The opinion of the court was delivered by: Honorable Paul A. Crotty, United States District Judge:
Pro se Plaintiff Cynthia Rodriguez ("Rodriguez") sues, on behalf of her minor child J.J.T., under 42 U.S.C. § 405(g) seeking review of the Commissioner of Social Security's (the "Government") denial of Supplemental Security Income ("SSI") benefits for her son. On May 5, 2011, the Government moved to dismiss the Complaint pursuant to Federal Rules of Civil Procedure 12(b)(1) and 12(b)(6), contending that Rodriguez's Complaint is untimely, as Rodriguez commenced her action more than 60 days after receipt of the decision denying benefits. On July 25, 2011, Magistrate Judge James L. Cott issued a Report and Recommendation ("R&R") recommending that the Government's motion be granted.
On January 25, 2008, Rodriguez applied for SSI benefits for her son,
J.J.T. The application was initially denied on April 11, 2008.
Rodriguez requested a hearing, which was held on October 22, 2009. On
November 4, 2009, an Administrative Law Judge denied Rodriguez's claim
and mailed her a copy of the decision (the "Decision"). Rodriguez
appealed the Decision, and on September 24, 2010, the Appeals Council
sent Rodriguez a letter (the
"Council Letter") denying her request for review. The Council Letter
informed her that she had 60 days from the receipt of the letter to
file a civil action challenging the Decision. Rodriguez states that
she received the Council Letter on September 30, 2010.
Eighty-one days later, on December 20, 2010, Rodriguez filed her Complaint, proceeding pro se and In Forma Pauperis. (Dkt. No. 2.) Her Complaint alleged that the Decision was erroneous and that she was entitled to the maximum allowable SSI benefits for her son. On May 5, 2011, the Government moved to dismiss the Complaint for lack of subject matter jurisdiction and failure to state a claim, pursuant to Rules 12(b)(1) and 12(b)(6) of the Federal Rules of Civil Procedure. (Dkt. No. 15.) Specifically, the Government contended that Rodriguez's Complaint should be dismissed as untimely pursuant to 42 U.S.C. § 405(g) because the action was not commenced within 60 days after receipt of the Decision.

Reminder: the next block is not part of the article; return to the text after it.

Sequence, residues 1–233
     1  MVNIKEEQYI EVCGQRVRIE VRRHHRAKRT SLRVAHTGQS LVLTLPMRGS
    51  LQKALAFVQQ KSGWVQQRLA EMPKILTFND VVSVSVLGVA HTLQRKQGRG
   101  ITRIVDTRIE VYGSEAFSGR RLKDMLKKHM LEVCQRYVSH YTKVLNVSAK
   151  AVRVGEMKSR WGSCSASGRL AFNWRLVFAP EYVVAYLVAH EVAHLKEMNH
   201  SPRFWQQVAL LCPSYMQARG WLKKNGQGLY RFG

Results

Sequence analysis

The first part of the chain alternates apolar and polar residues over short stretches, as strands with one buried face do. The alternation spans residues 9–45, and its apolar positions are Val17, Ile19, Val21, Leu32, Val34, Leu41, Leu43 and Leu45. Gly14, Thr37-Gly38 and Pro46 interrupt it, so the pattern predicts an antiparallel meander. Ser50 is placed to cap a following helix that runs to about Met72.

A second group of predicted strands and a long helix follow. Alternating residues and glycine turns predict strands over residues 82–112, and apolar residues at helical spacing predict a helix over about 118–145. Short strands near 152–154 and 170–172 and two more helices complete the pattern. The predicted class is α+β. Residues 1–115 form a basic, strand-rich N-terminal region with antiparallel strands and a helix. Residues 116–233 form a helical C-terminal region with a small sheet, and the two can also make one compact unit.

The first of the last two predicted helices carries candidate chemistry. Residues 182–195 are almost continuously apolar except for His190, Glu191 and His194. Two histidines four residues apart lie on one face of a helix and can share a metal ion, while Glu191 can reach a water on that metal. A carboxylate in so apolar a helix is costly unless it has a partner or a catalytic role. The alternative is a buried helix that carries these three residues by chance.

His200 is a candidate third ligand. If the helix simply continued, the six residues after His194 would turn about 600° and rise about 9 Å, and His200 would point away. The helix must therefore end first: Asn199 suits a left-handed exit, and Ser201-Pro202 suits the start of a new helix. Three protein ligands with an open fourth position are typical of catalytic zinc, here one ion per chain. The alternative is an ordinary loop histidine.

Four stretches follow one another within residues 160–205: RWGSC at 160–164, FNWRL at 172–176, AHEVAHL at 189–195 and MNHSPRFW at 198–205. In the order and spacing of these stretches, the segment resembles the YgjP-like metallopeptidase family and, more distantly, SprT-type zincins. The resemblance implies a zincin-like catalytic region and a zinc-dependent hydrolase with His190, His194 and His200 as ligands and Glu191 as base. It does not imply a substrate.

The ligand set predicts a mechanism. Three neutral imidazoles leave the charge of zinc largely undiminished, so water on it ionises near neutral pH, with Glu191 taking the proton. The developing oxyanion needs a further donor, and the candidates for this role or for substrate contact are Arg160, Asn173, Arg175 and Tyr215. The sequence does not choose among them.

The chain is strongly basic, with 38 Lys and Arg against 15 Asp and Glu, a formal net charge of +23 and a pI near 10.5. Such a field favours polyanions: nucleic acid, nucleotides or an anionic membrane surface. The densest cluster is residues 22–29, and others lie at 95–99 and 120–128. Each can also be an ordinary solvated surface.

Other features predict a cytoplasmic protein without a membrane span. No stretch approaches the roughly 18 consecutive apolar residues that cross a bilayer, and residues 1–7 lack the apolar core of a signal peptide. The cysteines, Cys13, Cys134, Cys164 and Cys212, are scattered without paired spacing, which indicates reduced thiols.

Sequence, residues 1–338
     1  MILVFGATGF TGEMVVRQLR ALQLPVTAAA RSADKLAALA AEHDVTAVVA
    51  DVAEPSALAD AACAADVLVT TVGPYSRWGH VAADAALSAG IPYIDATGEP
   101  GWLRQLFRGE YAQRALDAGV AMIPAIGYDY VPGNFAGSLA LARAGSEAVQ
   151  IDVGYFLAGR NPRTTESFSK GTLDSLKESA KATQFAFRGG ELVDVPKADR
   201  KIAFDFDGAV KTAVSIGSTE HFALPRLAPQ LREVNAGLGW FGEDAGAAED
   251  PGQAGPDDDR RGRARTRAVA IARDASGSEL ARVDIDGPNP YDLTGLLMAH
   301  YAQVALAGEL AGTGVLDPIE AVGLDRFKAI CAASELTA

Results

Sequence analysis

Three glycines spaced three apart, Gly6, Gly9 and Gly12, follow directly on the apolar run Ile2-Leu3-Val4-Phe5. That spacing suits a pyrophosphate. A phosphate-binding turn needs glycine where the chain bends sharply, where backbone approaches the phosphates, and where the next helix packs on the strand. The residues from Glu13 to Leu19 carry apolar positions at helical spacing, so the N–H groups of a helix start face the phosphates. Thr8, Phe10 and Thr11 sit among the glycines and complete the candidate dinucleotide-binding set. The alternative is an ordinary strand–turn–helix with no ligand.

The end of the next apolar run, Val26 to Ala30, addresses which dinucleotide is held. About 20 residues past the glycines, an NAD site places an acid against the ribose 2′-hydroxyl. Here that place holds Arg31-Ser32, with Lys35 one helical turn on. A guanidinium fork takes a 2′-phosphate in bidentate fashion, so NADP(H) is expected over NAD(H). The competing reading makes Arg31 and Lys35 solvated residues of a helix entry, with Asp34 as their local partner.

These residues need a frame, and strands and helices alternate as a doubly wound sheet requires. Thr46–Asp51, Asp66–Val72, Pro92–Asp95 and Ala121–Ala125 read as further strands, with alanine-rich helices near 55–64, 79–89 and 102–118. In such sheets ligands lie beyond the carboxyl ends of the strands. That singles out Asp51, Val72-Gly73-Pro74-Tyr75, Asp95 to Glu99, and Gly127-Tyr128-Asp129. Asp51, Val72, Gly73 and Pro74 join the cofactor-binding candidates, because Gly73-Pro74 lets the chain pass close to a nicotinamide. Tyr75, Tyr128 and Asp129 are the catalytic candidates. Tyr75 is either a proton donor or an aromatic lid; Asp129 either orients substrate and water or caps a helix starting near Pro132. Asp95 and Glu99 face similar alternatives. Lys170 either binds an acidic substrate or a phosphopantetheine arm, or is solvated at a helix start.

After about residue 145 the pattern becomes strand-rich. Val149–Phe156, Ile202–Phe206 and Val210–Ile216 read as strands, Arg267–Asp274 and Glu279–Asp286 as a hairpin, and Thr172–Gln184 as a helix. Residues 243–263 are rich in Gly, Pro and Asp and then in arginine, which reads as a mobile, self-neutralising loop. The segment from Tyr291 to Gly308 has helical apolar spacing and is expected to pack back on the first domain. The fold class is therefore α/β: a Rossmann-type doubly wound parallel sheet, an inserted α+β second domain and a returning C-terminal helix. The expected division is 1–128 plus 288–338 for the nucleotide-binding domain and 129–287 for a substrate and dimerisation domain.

On June 6, 2011, the Court issued an Order directing Rodriguez to serve and file an opposition to the Government's motion to dismiss on or before June 22, 2011. (Dkt. No. 18.) The Order further noted that if Rodriguez did not file papers by that date, the Court would consider the motion fully submitted. (Id.) No opposition papers were filed.
On July 25, 2011, Magistrate Judge Cott issued an R&R recommending that the Court grant the Government's motion to dismiss based on the fact that Rodriguez's Complaint was untimely. Written objections to the R&R were due within 14 days pursuant to 28 U.S.C. § 636(b)(1) and Rule 72(b) of the Federal Rules of Civil Procedure. No objections were filed and no requests for extensions of time to file objections were received.
In reviewing a report and recommendation, a court "may accept, reject, or modify, in whole or in part, the findings or recommendations made by the magistrate judge." 28 U.S.C. § 636(b)(1)(C). "The district court may adopt those portions of the report to which no timely objection has been made, so long as there is no clear error on the face of the record." Feehan v. Feehan, No. 09 Civ. 7016 (DAB), 2011 WL 497776 at *1 (S.D.N.Y. Feb. 10, 2011).
The Court finds no clear error on the face of this record and adopts the R&R as its opinion. Under the applicable 60-day statute of limitations, Rodriguez had until November 29, 2010 to file a complaint. See 42 U.S.C. § 405(g). Rodriguez filed the Complaint on December 20, 2010, more than three weeks after the deadline.*fn2 The Complaint is therefore untimely. See, e.g., Johnson v. Comm'r of Social Sec., 519 F. Supp. 2d 448, 448-49 (S.D.N.Y. 2007) (dismissing complaint filed nine days after statutory limitation period expired).
Furthermore, the doctrine of equitable tolling does not apply. Equitable tolling "permits courts to deem filings timely where a litigant can show that '[s]he has been pursuing [her] rights diligently' and that 'some extraordinary circumstance stood in [her] way." Torres v. Barnhart, 417 F.3d 276, 279 (2d Cir. 2005) (quoting Pace v. DiGuglielmo, 544 U.S. 408 (2005)). There is nothing in the record before the Court to demonstrate that Rodriguez has been diligently pursuing her rights or that any ...